Oceans Beyond Piracy (OBP) report notes ncontinued threats to seafarers from maritime piracy, not least in south east asia.
The new Study published on 10 June 2015 finds:
• Southeast Asian piracy is especially dangerous for seafarers based on the quantity of
attacks and 90% boarding success rate. Nearly 3,600 seafarers were on board
vessels boarded by pirates in SE Asia.
• Gulf of Guinea piracy continues at unacceptable levels. There have been no piracy
prosecutions and there is a lack of effective cooperation between regional
governments and industry. Total economic cost estimated at $983 million for 2014.
• Collective efforts to address Somali piracy continue to dwindle, while there are
indications that pirate activity and intent remain. Total economic cost for 2014
estimated at $2.3 Billion.
• At least 5,000 seafarers attacked in Southeast Asia, the Gulf of Guinea, and Western
Indian Ocean in 2014.
In its fifth State of Maritime Piracy Report, Oceans Beyond Piracy (OBP) analyzes the impacts of this crime during 2014 in the Western Indian Ocean, the Gulf of Guinea and, for the first time, in Southeast Asia.
OBP's analysis of pirate attacks in Southeast Asia documents a clear and reemerging threat to seafarers. The study found that more than 90% of the reported attacks resulted in pirates successfully boarding target vessels, and 800 seafarers were involved in incidents in South East Asia where violence or the threat of violence was specifically documented.
In the Gulf of Guinea, the number of reported attacks remained within historic patterns. However, the region faces a variety of challenges related to chronic under-reporting of incidents and an absence of prosecutions. "We have observed that up to 70% of piracy-related incidents in the Gulf of Guinea are never reported, so we currently lack a complete understanding of the problem," says Pottengal Mukundan, Director of the International Maritime Bureau. "This also makes it difficult to assess the extent of the threats seafarers face in this region."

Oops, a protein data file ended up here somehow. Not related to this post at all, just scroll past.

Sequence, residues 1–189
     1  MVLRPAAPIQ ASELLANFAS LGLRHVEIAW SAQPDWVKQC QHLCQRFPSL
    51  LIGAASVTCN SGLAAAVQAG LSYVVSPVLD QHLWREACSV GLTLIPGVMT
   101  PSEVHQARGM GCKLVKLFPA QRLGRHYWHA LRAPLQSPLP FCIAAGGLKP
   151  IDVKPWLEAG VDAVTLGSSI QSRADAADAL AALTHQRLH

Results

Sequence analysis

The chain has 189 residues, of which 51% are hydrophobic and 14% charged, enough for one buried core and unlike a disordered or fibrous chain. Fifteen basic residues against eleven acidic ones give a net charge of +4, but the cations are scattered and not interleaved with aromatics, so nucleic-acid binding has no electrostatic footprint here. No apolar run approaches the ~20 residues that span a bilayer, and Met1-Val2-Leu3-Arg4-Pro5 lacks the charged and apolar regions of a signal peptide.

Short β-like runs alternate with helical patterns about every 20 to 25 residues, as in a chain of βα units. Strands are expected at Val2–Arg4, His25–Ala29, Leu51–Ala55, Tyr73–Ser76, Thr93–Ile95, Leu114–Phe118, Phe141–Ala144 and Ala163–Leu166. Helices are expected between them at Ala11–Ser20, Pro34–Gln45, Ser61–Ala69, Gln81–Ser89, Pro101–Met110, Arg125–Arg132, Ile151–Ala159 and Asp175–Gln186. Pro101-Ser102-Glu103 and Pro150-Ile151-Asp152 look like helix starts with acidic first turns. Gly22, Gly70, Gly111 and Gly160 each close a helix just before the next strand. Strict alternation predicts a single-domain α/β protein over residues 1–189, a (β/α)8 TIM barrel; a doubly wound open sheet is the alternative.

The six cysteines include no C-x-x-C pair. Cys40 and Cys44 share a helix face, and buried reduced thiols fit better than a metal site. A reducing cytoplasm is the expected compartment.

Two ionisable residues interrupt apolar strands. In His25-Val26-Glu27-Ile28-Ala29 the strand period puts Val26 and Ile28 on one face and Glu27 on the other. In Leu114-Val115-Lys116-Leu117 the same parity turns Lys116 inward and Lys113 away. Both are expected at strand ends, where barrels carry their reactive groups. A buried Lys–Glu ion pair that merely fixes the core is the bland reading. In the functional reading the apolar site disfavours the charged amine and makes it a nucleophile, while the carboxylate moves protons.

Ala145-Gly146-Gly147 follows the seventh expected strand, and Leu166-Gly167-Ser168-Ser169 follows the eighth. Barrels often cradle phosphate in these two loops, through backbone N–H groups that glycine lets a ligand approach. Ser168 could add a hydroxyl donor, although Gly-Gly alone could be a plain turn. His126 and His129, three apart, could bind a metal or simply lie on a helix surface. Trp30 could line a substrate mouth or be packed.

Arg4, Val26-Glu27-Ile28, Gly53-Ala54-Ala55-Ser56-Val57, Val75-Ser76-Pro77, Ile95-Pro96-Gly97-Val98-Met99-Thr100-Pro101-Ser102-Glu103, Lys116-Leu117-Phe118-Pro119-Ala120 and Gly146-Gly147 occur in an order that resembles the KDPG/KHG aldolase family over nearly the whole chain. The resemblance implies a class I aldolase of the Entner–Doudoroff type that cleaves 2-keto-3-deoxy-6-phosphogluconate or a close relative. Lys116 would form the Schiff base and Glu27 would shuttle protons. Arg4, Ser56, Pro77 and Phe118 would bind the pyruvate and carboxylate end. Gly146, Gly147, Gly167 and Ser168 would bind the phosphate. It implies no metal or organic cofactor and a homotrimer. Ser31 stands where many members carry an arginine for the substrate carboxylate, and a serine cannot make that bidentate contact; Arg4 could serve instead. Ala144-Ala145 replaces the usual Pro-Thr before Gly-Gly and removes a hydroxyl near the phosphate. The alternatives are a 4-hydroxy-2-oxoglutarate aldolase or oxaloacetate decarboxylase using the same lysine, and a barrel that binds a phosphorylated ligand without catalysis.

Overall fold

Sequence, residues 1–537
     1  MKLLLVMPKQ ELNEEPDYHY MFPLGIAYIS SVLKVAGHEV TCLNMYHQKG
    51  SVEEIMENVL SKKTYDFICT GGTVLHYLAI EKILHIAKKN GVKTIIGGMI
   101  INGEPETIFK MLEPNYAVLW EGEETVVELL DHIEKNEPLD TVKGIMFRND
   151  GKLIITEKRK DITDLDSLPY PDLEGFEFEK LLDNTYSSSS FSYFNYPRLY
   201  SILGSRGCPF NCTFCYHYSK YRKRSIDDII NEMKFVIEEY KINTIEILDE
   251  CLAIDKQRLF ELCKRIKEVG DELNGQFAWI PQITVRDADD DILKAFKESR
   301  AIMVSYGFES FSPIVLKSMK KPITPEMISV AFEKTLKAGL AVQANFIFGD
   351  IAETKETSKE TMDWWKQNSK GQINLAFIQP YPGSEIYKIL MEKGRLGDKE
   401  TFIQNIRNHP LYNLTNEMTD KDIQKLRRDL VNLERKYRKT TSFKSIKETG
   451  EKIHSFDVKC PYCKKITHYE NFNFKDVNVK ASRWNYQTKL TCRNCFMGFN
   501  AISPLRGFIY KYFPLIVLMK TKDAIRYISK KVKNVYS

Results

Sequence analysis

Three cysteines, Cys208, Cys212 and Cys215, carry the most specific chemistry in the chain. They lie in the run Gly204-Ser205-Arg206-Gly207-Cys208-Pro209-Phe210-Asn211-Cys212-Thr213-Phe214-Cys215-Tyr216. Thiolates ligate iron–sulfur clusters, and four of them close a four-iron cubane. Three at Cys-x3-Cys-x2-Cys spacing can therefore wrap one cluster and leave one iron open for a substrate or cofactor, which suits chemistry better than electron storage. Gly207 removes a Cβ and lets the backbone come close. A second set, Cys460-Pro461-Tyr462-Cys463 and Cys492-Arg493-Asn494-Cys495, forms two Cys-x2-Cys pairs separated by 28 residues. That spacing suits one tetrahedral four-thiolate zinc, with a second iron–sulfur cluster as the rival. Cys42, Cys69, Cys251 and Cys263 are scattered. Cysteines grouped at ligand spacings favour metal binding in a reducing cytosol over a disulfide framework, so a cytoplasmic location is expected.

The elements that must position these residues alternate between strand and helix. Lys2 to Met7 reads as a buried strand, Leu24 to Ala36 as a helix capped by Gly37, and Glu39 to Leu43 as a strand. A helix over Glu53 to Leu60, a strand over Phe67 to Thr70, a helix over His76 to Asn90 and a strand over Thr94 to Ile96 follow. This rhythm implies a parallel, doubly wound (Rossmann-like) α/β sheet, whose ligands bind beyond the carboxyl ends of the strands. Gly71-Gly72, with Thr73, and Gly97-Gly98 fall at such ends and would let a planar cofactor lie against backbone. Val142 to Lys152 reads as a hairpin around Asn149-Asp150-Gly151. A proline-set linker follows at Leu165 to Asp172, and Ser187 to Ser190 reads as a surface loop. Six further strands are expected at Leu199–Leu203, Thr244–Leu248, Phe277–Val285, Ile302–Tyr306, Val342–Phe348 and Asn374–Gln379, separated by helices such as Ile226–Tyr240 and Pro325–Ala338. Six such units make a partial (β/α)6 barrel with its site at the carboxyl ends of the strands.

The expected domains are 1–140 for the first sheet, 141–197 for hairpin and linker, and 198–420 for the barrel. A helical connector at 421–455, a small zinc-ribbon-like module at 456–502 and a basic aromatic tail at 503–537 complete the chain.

In the Western Indian Ocean, OBP found that while naval mandates, recommended industry self-protection practices and the size of the High Risk Area remain unchanged, the observed commitment of naval assets and use of vessel protection measures such as increased speed and rerouting by merchant vessels continued to decrease, resulting in the total economic cost dropping by 28% in 2014. Alarmingly, the perceived reduction in the piracy threat has also resulted in more foreign fishing vessels returning to areas close to the coast of Somalia. Alan Cole, Head of UNODC's Global Maritime Crime Programme notes, "These provocations are similar to those that triggered piracy off the coast of Somalia in the first place. We are already seeing an upturn in regional piracy incidents since the beginning of the year."
Finally, the report recognizes that seafarers across the globe are the primary victims of piracy and armed robbery at sea. A chilling example of this are the twenty-six high-risk hostages from the Naham 3 who remain in pirate captivity in Somalia today, more than three years after the initial hijacking of their ship. According to Admiral Sir James Burnell-Nugent, "The evidence shows that piracy continues to be a world-wide threat to seafarers. There are specific contexts that distinguish each region, but there is a common lesson in the need to address piracy through cooperation, vigilance, and sustained effort by all actors across the maritime sector."
For further information and a copy of the report, please see here.